The National Weather Service is warning of cold temperatures for much of this week. Wind chills will be below-zero for an extended period this week and could be as low as 50-degrees below zero in Northern Maine. Those temperatures pose a danger to health and property.
Some steps are listed below to take to keep yourself, your family, your pets, and any elderly or homebound neighbors safe during this period of very cold weather:
Monitor weather reports. Be a good neighbor. Check with elderly or disabled relatives, neighbors, and friends to ensure their safety.
Minimize outside activities, particularly the elderly and very young. Also, consider your pets and limit their time outdoors.
Dress in several layers of loose-fitting, lightweight clothing, rather than a single layer of heavy clothing. Outer garments should be tightly woven and water repellent. Wear a hat, mittens and sturdy waterproof boots, protecting your extremities. Cover your mouth with a scarf to protect your lungs.
Excessive exposure can lead to frostbite, which is damaging to body tissue that is frozen. Frostbite causes a loss of feeling and a pale appearance in extremities, such as fingers, toes, ear lobes or the tip of the nose. If symptoms are detected, seek medical help immediately.
Hypothermia can occur in extreme cases. The warning signs are uncontrollable shivering, memory loss, disorientation, incoherence, slurred speech, drowsiness and apparent exhaustion. If the person’s temperature drops below 95 degrees, seek immediate medical care.
Ensure you have sufficient heating fuel, as well as emergency heating equipment in case you lose electricity.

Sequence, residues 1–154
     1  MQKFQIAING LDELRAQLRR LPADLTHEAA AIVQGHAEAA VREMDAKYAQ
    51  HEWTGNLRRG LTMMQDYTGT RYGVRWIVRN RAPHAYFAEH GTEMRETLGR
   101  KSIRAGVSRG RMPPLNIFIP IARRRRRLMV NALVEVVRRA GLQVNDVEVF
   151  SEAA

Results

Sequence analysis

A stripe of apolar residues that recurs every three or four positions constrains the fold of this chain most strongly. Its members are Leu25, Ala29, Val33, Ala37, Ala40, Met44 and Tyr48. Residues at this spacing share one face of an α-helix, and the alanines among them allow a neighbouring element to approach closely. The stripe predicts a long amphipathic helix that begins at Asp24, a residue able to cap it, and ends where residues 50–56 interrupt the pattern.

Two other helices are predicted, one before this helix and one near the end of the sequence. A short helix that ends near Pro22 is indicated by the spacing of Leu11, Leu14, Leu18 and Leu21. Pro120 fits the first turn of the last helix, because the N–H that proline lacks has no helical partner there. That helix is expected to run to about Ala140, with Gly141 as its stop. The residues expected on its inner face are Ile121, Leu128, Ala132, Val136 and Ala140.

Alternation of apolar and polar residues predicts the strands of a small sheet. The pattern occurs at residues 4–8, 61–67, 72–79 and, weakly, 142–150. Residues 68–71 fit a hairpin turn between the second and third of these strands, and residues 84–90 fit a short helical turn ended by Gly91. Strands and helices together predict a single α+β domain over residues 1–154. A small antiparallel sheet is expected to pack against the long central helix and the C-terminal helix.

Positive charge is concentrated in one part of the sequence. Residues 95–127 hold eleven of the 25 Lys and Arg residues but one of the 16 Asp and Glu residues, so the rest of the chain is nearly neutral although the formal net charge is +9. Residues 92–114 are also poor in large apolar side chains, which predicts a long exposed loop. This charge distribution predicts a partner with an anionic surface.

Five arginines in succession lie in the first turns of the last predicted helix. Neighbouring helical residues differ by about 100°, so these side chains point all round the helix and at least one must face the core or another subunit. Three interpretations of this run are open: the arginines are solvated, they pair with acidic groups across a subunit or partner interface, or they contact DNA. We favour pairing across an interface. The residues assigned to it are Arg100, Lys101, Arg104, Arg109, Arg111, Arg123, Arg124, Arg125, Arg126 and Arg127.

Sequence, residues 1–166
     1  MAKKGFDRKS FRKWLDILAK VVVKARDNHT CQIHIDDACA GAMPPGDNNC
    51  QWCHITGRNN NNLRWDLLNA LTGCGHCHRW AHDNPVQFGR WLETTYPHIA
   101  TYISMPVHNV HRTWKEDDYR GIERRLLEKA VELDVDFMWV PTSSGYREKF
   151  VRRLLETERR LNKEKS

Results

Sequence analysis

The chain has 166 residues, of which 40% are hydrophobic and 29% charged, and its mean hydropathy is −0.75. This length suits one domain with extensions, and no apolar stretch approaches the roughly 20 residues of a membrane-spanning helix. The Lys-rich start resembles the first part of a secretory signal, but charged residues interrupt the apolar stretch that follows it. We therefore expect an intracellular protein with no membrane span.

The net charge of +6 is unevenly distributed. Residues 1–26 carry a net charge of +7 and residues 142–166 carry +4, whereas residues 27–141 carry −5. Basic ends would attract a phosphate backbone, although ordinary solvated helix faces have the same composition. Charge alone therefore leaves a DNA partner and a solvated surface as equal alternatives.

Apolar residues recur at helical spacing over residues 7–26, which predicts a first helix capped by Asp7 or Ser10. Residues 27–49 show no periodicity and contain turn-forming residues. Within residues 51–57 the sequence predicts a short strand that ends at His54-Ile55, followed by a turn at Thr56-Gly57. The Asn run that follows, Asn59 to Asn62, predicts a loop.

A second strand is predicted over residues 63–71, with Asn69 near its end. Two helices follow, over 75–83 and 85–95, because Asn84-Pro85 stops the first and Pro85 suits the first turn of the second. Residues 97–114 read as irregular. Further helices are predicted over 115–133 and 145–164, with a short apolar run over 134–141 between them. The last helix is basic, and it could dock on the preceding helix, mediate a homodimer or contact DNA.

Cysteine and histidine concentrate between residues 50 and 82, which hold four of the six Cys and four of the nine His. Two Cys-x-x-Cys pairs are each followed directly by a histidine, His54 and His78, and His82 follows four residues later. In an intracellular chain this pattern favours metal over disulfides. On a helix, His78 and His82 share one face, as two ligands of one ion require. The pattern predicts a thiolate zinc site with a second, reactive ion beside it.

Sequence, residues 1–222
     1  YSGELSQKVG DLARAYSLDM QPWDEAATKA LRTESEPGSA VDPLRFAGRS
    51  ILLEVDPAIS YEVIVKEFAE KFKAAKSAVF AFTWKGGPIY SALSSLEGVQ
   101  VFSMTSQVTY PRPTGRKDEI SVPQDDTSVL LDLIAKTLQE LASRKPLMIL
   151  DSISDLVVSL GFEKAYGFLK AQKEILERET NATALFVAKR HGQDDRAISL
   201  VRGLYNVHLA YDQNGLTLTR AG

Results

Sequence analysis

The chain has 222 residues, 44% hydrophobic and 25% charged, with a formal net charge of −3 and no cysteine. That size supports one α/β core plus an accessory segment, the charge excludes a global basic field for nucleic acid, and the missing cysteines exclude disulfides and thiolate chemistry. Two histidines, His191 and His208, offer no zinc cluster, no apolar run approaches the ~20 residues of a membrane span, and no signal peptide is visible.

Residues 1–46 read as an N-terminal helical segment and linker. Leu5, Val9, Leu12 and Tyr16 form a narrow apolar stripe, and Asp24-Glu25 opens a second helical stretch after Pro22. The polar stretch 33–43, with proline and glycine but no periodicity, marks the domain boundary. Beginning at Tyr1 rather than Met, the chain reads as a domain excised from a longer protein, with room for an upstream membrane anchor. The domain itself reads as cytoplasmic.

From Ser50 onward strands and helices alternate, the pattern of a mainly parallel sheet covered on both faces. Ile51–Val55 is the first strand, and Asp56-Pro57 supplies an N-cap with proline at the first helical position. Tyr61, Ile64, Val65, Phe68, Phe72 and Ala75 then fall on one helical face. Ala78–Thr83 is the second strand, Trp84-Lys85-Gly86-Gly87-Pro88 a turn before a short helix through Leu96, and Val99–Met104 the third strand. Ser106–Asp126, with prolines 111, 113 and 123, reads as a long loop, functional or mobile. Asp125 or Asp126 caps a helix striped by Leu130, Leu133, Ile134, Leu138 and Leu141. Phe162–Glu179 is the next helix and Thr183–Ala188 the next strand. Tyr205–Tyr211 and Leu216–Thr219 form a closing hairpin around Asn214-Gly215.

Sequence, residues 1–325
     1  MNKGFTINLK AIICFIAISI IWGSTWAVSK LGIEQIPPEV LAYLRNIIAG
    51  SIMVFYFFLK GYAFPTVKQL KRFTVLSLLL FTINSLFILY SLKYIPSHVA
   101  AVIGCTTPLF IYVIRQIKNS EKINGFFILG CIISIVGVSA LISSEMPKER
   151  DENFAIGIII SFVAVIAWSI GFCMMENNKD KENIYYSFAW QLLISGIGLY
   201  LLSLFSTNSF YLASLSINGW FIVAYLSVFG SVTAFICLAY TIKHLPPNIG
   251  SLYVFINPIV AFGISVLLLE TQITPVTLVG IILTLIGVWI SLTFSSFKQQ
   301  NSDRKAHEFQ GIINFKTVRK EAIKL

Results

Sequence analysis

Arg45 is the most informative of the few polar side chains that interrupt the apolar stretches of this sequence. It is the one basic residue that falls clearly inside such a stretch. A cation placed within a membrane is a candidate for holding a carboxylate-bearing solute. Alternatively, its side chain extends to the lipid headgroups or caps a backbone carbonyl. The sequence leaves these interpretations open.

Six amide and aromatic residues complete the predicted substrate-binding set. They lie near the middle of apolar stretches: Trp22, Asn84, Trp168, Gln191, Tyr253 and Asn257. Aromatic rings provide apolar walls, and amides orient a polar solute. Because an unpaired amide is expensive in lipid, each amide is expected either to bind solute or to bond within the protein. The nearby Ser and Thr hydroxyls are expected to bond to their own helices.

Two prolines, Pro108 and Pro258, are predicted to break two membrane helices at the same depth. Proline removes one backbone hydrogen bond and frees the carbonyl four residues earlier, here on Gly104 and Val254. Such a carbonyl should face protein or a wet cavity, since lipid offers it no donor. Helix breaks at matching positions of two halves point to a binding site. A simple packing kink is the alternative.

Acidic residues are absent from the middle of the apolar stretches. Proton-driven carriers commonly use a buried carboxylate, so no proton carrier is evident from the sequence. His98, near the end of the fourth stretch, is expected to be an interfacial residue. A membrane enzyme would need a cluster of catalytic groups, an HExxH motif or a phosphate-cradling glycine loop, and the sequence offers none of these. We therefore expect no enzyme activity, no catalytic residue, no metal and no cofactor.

When utilizing alternate heating sources, such as your fireplace, wood stove or space heater, take the necessary safety precautions. Keep a fire extinguisher handy; ensuring everyone knows how to use it properly. Test smoke alarms and Carbon Monoxide (CO) detectors.
If you lose power or heat, try to keep pipes from freezing. Leave cabinet doors around them open to allow as much heat as possible to reach them. Wrap them in insulation or layers of newspapers, covering the newspapers with plastic to keep out moisture. Allow a trickle of warm water (if available) to run from a faucet that is farthest from your water meter or one that has frozen in the past. This will keep the water moving so it cannot freeze. Learn how to shut off your water if a pipe bursts.
Make sure your car is properly winterized. Keep the gas tank at least half-full. Carry a Winter Emergency Car Kit in the trunk including blankets, extra clothing, flashlight with spare batteries, a can and waterproof matches (to melt snow for drinking water), non-perishable foods, windshields [sic] scraper and brush, shovel, sand, towrope, and jumper cables.
January 5, 2015
Maine Emergency Management Agency